Britain's Mark Cavendish avoided injury, and the possible end of his Olympic dream, after surviving a crash at the end of the Tour de France fourth stage here Wednesday.
The Team Sky rider, a favourite for Olympic road race gold in London on July 28, got his Tour campaign off to a great start after sprinting to victory on stage two on Monday.
But on the second ideal stage for a bunch sprint, Cavendish was one of seven or eight riders caught in a pile-up which appeared to have been caused by a fall from South African Robert Hunter.
The Isle of Man sprinter got back on his bike to finish the 214 km stage from Abbeville to Rouen, but was well out of contention for a bunch sprint won by German rival Andre Greipel ahead of Italian Alessandro Petacchi.
Cavendish got back to his team bus an angry man, but will live to fight another day according to Sky principal Dave Brailsford.
"I can't repeat what he said when he came into the bus," Brailsford told French television.
"Mark's lost a bit of skin but it's not bad. He's in a little pain but he's okay."
Brailsford seemed more concerned about Cavendish's roommate and key sprint helper Bernhard Eisel of Austria.
"Bernie has a big hole above his eye and he's getting treatment as we speak."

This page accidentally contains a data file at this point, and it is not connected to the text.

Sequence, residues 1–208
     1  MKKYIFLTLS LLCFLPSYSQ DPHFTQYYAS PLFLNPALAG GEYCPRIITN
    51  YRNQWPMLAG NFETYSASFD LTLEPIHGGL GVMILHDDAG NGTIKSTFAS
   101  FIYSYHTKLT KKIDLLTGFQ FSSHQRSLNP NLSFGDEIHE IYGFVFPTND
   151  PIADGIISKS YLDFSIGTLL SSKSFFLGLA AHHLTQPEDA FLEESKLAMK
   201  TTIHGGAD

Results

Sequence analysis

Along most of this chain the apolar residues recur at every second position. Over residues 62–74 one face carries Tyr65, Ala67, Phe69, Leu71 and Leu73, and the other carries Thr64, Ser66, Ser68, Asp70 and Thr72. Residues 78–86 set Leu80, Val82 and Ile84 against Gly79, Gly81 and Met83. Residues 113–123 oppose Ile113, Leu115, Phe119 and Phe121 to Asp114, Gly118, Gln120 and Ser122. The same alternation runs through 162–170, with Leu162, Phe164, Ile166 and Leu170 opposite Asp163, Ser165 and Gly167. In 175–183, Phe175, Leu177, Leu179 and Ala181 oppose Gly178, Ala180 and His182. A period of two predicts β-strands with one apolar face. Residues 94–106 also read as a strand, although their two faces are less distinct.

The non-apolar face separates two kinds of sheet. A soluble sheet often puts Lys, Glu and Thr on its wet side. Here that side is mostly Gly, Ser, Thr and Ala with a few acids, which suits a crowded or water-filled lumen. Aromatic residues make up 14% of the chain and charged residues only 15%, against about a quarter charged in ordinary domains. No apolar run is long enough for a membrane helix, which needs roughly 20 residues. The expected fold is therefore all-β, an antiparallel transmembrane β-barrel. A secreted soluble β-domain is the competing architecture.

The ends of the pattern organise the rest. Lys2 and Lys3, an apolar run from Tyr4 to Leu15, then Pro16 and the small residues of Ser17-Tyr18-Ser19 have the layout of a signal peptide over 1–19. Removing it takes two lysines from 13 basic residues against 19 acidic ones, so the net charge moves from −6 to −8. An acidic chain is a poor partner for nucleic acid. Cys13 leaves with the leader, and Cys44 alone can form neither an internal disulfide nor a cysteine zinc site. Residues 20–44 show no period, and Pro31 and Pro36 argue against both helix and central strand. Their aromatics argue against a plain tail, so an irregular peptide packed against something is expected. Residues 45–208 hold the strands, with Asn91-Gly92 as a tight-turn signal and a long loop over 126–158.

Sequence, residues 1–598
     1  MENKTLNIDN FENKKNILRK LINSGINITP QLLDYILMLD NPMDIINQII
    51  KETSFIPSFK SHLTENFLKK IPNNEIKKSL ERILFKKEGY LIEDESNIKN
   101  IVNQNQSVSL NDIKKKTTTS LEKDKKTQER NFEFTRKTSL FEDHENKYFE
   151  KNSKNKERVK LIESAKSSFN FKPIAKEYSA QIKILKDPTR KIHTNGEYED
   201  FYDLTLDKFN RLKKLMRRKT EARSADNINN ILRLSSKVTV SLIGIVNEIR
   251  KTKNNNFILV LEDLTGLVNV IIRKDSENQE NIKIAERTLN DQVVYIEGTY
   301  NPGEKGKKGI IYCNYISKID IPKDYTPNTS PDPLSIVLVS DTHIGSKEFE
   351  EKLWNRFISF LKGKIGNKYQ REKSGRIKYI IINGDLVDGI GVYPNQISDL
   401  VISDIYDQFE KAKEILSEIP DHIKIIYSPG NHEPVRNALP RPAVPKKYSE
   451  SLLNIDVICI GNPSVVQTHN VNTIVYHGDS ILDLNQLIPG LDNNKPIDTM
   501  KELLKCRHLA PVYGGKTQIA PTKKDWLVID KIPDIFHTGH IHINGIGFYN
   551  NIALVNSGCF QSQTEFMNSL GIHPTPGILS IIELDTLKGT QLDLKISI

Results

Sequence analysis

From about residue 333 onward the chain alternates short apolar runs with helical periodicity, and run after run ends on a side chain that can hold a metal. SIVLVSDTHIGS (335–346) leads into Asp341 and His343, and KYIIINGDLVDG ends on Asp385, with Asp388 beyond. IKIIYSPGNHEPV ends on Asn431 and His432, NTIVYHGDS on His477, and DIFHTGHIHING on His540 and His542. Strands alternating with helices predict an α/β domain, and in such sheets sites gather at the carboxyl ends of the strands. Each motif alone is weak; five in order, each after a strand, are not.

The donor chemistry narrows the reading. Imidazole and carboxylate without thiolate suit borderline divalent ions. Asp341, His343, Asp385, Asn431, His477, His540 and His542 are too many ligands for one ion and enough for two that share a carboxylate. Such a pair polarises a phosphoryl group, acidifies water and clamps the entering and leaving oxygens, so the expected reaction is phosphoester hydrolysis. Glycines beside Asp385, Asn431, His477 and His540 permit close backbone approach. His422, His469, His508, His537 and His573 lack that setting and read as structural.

The race's medical report later said Eisel had received stitches to the cut on his forehead and that Cavendish had suffered "multiple grazes".
Cavendish appeared upbeat after posting on his Twitter site: "Ouch... crash at 2.5 km to finish today. Taken some scuffs to my left side, but I've bounced pretty well again. Congrats to @Andre Greipel."
However Sky sports director Sean Yates admitted he would rather not see his riders hitting the deck at speed.
"It was certainly not what we wanted to see," he said.
"The lead-up to a sprint is very dangerous and we see this kind of thing time and time again. Nobody wants to see crashes for anybody and we were among the victims again today.
"There wasn't a lot of room there in the bunch. At that speed with a touch of wheels, before you know it you are lying on the deck.
"The guys are battered and bruised but they will fight on. These guys are tough. We saw Cav jump back up after his accident at the Giro."
Although Cavendish is regarded as the fastest man on two wheels and came into the race with 20 stage wins, Team Sky are focusing all their efforts on Bradley Wiggins' bid for the yellow jersey.
Wiggins, who crashed out on stage seven last year, finished safely with all the race contenders to sit 7sec behind leader Fabian Cancellara of Switzerland, who is not a yellow jersey contender.
His main rival, Australia's defending champion Cadel Evans (BMC) is seventh overall at a further 10secs off the pace.